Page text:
Carlotto Goes Historical
One of my favorite noir fiction writers, Massimo Carlotto, moves back a few hundred years for his new novel CRISTIANI DI ALLAH. Amara Lakhous at Reset DOC interviewed Carlotto (the whole thing was later translated by Helen Waghorn) about his latest project:
Why are you writing a novel on the Mediterranean renegades today?
recover a ‘deserted’ story, one which disappeared from collective
western memory for religious and political reasons. I see the
Mediterranean as a closed sea where one civilisation was born which
then divided into two cultures. Open identity is the tool for being
able to bring this knowledge to life and to develop discussion.
the 16th and 19th centuries, 300,000 European Christians converted to
Islam. Were they ‘religious’ or ‘political’ refugees?
were religious, some political, certainly all were ‘social’ refugees,
fleeing from an oppressive system which prohibited them from social
redemption. Islam represented a genuine possibility to change the way
in which they lived. One can state that it was convenient to become a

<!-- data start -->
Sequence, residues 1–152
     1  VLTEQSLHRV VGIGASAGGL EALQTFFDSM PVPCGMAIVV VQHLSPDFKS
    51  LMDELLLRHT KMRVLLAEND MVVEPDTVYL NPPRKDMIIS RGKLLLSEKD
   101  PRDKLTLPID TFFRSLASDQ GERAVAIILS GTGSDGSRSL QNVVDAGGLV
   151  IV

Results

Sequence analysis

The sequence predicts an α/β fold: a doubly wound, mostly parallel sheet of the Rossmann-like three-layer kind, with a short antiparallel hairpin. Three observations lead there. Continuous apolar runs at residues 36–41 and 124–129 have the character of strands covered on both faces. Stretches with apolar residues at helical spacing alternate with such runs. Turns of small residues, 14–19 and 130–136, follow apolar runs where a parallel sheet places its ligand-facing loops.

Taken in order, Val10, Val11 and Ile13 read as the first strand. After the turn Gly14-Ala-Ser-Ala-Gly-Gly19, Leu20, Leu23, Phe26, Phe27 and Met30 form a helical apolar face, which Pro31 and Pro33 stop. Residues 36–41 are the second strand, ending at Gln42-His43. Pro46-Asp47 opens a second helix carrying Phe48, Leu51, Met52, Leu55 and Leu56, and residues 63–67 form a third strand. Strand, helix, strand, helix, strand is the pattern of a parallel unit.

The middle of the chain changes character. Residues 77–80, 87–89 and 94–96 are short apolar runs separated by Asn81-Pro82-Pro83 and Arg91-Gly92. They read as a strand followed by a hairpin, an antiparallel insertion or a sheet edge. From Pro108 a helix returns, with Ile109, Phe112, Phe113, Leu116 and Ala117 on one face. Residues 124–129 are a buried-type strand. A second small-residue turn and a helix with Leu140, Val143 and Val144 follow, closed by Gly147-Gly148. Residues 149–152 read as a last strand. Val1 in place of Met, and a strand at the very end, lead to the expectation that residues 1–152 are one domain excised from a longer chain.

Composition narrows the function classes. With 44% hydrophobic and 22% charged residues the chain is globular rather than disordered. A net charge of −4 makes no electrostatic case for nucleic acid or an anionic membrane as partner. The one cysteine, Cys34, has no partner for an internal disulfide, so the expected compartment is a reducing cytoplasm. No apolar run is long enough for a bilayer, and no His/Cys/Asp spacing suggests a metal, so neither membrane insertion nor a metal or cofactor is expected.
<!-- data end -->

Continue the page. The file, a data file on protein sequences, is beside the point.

Muslim, while this did not apply to Christianity. In fact there were
very few conversions to Christianity.
Is it possible to use the Mediterranean’s past as a key to understanding our present day?
not only possible, it’s necessary. We westerners cultivate a distorted
vision of our history which leads us to perceive ‘the other’ with an
unprovoked suspicion. It’s not by chance that in recent years there has
been a rediscovery of the so-called rhetoric of [the Battle of]
Lepanto, which is referred to as a strategic victory which saved
Christian Europe from an Islamic invasion. Nothing could be more wrong,
and yet numerous essays have been published in the press which have
provided room for discussion.
I’ll echo the Literary Saloon’s wish: Europa Editions, bring out an English translation of this book ASAP.